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Housing fair opens the door to affordability

Young people accompanied by their parents, families and many others picked up lots of valuable information about shared ownership - a more affordable way of getting on the housing ladder - at East Herts Council's first housing fair.

The term shared ownership doesn't mean buyers have to share the property with anyone else. It means that people only need to raise a mortgage for around 40% of the property's value, bringing home ownership within reach of those who can't get a full mortgage. They then pay a charge covering the remaining amount. Owners can buy increasing shares right up to 100% later if they wish.

Housing associations including Network Homes, Clarion, English Rural Housing, Sage, Origin Housing and Hightown were kept busy at Wodson Park in Ware on last Saturday (2) advising around 120 visitors about the options in Bishop's Stortford, Hertford, Puckeridge, Widford and Buntingford. Two financial advisors were also on hand offering free advice.

Attendee Megan said: "It's been very useful to get an idea of what's around. I'm especially interested in Hertford and Welwyn. House prices are so high and this has been very helpful."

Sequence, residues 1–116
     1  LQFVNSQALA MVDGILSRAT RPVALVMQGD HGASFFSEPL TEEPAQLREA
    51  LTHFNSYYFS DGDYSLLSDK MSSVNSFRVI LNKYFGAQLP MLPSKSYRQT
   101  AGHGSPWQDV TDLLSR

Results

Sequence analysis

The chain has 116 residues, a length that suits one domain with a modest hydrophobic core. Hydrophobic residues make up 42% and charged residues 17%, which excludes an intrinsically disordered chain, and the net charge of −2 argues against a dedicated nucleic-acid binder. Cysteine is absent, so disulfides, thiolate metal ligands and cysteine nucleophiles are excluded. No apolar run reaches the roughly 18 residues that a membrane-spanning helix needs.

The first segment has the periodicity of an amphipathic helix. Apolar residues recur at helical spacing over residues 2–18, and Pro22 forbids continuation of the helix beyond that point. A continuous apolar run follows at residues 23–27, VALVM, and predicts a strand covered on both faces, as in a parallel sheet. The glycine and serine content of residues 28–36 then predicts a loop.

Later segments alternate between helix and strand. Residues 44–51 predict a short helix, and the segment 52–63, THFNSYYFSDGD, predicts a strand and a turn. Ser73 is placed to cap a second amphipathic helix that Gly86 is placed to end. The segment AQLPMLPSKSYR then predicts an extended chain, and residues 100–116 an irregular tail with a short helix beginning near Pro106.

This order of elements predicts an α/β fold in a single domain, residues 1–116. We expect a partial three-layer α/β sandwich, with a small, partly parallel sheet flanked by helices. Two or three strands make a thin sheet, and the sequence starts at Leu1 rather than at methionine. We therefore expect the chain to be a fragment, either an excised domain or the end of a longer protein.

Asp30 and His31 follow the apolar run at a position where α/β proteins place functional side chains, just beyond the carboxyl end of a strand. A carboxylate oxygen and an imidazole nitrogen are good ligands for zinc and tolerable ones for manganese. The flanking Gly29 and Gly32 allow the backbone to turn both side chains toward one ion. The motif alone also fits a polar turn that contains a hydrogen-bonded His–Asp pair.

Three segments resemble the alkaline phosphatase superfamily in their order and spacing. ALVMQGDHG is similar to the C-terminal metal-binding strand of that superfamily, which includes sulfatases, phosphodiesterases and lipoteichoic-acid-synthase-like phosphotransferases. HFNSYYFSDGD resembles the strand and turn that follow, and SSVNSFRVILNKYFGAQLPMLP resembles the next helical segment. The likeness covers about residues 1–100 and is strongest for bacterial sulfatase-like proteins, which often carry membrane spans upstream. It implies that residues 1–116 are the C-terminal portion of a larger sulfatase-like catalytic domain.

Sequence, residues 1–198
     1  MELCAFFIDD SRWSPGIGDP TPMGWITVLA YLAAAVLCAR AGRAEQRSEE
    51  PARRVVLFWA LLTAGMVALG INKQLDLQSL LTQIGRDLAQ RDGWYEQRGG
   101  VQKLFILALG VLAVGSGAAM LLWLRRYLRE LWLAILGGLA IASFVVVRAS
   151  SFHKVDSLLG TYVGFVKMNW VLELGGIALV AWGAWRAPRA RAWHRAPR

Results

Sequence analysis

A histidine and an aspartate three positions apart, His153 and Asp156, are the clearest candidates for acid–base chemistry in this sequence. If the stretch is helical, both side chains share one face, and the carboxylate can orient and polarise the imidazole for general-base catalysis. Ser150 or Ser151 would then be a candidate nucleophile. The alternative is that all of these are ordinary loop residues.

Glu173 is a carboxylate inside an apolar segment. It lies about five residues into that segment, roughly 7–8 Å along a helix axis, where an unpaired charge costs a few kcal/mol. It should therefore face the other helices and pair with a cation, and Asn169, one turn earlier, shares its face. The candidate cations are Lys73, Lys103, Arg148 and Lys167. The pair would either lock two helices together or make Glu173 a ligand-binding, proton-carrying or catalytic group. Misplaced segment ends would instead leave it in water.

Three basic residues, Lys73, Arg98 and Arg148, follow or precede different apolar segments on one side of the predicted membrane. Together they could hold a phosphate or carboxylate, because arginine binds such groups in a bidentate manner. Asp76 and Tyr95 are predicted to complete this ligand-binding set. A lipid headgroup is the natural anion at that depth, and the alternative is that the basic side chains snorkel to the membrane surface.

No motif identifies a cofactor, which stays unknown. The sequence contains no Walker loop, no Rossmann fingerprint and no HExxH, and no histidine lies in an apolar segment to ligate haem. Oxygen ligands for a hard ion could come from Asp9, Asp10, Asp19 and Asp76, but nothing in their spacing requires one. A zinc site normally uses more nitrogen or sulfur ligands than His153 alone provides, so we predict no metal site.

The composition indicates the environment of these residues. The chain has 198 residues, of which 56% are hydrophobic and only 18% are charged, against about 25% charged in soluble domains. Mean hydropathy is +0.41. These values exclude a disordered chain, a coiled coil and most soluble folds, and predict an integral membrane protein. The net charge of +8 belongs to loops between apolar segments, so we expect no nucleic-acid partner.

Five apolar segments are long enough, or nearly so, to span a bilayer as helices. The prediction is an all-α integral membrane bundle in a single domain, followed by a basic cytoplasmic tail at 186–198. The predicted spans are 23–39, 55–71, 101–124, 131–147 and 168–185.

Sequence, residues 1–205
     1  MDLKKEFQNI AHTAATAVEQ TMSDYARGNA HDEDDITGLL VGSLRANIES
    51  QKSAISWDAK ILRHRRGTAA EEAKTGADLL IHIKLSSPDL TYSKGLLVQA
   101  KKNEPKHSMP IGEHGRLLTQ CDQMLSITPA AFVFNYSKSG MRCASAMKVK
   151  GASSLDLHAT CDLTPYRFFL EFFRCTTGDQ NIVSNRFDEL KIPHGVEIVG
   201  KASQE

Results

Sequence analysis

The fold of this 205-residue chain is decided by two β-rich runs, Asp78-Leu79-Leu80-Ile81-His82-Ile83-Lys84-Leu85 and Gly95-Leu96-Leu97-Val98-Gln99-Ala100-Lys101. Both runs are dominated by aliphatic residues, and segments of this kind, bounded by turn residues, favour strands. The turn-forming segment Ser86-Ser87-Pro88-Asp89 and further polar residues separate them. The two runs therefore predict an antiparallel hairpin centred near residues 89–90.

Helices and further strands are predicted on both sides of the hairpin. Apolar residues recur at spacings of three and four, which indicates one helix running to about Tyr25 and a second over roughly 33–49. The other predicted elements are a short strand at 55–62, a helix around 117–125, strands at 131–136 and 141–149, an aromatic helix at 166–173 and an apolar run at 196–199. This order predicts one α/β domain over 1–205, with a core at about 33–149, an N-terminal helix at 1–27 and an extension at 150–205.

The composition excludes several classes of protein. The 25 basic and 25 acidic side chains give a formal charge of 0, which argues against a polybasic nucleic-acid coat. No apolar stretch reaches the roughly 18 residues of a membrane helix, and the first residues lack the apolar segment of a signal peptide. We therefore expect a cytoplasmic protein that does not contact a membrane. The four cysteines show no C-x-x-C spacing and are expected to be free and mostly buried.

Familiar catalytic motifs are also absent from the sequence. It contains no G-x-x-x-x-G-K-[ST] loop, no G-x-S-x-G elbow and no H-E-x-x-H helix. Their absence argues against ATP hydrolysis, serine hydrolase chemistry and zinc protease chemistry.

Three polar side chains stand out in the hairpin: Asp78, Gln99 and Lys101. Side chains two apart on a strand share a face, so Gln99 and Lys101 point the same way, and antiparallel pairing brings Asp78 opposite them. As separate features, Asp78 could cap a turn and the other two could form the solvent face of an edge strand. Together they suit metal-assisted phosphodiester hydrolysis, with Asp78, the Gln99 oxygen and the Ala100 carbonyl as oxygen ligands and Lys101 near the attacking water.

Martin said: "We've been privately renting for 10 years, we've got two kids and we want to get on the housing ladder. This fair is the best way to find out what's available. We haven't been able to consider buying before because of debts but renting is dearer than a mortgage."

He said that saving for a deposit had been impossible as their rent and debt payments had taken all their income but he was now in a better position and shared ownership could be the answer.

Jan Goodeve, the council's housing portfolio holder, said: "We know that housing is very expensive in East Herts and it's a struggle for many people to buy a home. So I was delighted to see so many residents here today who were interested in finding out about shared ownership opportunities. It's a more affordable option and it can give people more stability than private renting."

Financial advisor Nick Okojie, who was working on behalf of Clarion, said he'd been able to give people an understanding of how much they could afford. He'd also been making potential buyers aware of service charges.

 

Mar 11 2019